The Independent Student Newspaper of Northern Kentucky University.
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Provided by Arianna Catalano

Catalano (center) from Dance ’20.

A conversation with junior musical theatre BFA Arianna Catalano

Last year over spring break, junior musical theatre BFA major Arianna Catalano was visiting New York with her mom to take some dance classes and watch a few Broadway performances. Little did she know, she was at some of the last performances before Broadway would shut down due to COVID-19. 

“I remember being in New York and I was like, ‘oh people are getting kind of weird about this, there were people wearing masks at the airport,’” said Catalano. 

When Catalano returned home from New York, many of the projects she was scheduled to be a part of, like NKU’s production of Mamma Mia were canceled. Catalano said that she had a contract to do another production of Mamma Mia at the end of last summer, but it was canceled too. Despite all of the cancellations, she said having the time off was a blessing in disguise.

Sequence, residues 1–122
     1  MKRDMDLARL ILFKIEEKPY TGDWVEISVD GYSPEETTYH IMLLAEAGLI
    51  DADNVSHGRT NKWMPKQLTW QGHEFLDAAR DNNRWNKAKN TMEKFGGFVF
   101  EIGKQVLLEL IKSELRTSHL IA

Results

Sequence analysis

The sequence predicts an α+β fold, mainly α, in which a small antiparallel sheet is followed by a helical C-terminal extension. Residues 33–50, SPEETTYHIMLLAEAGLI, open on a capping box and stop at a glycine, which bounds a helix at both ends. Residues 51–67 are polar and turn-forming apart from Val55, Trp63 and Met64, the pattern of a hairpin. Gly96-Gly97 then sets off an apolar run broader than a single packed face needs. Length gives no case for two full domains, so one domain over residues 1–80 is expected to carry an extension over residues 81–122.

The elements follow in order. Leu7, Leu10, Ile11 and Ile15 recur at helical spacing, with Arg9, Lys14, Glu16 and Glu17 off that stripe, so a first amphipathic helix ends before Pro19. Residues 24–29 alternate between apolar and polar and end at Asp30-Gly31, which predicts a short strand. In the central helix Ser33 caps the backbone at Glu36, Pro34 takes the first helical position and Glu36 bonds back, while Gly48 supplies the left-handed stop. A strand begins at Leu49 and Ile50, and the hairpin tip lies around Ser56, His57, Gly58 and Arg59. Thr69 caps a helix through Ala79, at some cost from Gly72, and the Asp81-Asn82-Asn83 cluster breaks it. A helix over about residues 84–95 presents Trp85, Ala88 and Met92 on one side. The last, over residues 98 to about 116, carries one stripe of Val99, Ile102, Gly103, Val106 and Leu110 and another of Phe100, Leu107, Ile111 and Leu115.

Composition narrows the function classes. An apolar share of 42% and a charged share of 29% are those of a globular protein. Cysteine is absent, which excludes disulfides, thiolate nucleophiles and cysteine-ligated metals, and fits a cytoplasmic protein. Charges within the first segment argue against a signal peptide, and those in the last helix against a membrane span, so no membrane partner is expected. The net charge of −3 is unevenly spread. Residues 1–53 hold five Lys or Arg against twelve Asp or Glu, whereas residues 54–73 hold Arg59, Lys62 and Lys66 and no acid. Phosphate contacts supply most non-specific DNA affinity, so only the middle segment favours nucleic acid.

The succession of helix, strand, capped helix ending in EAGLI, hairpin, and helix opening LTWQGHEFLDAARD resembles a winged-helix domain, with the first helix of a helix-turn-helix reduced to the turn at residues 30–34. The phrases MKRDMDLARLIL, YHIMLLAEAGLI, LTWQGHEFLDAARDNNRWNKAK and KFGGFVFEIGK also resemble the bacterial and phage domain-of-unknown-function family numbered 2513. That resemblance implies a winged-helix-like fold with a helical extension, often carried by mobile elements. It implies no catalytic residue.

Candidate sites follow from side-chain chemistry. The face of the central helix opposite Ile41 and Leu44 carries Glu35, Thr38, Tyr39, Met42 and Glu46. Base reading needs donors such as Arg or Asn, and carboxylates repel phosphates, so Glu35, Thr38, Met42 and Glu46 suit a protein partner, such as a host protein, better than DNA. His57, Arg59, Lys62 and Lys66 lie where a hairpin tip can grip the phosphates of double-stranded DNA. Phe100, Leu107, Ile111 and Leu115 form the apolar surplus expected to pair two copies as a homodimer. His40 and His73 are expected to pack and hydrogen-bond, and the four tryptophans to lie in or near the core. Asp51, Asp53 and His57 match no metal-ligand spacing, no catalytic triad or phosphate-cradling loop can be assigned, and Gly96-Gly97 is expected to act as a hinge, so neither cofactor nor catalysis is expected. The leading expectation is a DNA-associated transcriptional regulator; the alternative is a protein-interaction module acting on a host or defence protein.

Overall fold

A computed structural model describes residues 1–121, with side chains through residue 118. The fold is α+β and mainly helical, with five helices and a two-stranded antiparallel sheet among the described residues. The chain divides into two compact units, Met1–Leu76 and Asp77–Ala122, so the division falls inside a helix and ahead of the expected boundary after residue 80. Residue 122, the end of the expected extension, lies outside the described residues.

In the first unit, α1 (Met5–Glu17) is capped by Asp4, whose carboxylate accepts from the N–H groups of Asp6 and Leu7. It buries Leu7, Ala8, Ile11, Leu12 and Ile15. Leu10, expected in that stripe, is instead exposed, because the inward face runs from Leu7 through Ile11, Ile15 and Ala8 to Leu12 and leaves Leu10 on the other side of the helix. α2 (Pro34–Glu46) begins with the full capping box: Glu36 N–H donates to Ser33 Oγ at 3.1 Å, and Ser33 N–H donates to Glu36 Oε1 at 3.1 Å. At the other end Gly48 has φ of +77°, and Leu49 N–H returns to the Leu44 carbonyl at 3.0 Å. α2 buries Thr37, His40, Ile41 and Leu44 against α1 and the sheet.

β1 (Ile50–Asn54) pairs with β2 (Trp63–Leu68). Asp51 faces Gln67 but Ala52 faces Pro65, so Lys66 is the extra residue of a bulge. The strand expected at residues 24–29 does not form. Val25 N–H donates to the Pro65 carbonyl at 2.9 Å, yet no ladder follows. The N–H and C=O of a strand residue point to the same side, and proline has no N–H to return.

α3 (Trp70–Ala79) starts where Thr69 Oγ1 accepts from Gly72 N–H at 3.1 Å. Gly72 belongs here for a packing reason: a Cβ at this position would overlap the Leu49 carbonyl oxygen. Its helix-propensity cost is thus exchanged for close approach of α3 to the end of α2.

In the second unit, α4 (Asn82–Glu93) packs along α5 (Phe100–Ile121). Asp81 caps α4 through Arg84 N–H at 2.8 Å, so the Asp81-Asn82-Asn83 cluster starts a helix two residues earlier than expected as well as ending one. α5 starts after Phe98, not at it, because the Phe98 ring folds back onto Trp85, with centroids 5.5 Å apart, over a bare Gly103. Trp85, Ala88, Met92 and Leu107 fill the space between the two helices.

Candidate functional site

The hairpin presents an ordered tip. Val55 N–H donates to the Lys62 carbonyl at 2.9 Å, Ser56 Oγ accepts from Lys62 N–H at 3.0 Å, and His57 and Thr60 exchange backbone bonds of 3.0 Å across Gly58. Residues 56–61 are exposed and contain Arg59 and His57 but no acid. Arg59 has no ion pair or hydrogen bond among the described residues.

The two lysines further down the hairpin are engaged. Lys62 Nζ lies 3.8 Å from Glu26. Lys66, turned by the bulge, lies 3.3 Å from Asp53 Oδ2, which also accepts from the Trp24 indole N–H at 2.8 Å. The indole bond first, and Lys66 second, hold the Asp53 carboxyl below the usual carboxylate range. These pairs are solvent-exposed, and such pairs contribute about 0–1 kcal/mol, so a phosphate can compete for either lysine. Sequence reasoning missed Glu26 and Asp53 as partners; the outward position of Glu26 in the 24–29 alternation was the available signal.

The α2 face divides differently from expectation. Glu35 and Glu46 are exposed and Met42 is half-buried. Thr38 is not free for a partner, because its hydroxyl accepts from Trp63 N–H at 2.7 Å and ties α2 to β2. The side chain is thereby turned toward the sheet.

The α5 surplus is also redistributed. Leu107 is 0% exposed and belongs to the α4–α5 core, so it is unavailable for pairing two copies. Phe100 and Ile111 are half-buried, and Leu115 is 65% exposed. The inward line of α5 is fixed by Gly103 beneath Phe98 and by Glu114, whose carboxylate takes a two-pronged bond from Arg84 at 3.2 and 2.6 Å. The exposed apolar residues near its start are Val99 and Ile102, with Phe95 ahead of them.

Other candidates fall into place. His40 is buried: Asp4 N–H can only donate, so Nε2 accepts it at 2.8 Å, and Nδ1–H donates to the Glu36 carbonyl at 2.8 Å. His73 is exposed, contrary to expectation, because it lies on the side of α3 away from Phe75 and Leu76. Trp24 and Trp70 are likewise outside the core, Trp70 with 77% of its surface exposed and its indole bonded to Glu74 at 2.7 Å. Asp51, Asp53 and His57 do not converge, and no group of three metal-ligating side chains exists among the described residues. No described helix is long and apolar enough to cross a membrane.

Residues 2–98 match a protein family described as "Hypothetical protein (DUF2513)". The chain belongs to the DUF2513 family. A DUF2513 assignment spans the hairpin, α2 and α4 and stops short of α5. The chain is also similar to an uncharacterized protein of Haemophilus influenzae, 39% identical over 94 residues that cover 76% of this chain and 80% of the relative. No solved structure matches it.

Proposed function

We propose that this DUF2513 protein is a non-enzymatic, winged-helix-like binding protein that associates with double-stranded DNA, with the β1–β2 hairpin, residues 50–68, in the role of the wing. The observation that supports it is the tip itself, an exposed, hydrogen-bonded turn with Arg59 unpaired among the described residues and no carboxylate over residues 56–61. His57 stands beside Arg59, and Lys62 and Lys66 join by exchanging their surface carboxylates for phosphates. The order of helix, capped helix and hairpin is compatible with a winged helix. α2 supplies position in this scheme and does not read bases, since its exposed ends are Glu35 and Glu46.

“I had to learn how to slow down, which is something I don’t like to do,” Catalano said. 

Catalano utilized her time away from productions to focus on strengthening her dance and vocal techniques. She was also able to take virtual masterclasses instructed by Broadway dancers which isn’t normally an opportunity that would be offered. 

“I look back at myself last year and where I am this year, and I’ve had a lot of improvements and a lot of strides that I’m really proud of and I don’t think I would have made those if it weren’t for COVID, which is weird to say,” Catalano said. 

During the fall semester, Catalano was able to choreograph a piece for NKU’s student-run dance concert, the Emerging Choreographers’ Showcase. She was also a part of NKU’s production of Falling and Loving, which was filmed last fall. Catalano said both experiences were a good outlet as a means of still being able to perform because dance classes weren’t being held in any of the studios, and theatre classes were mainly online. 

“Maybe a good thing about COVID was that I got to try something different—I got to try being the brain behind the piece as opposed to actually being in it,” said Catalano. 

This summer Catalano said she is looking forward to being a part of a production of Little Shop of Horrors that starts rehearsals in June. 

“Broadway still isn’t back, but there’s a lot of summer theatres—that are starting to open back up again and it’s kind of giving everyone a little sense of hope.”

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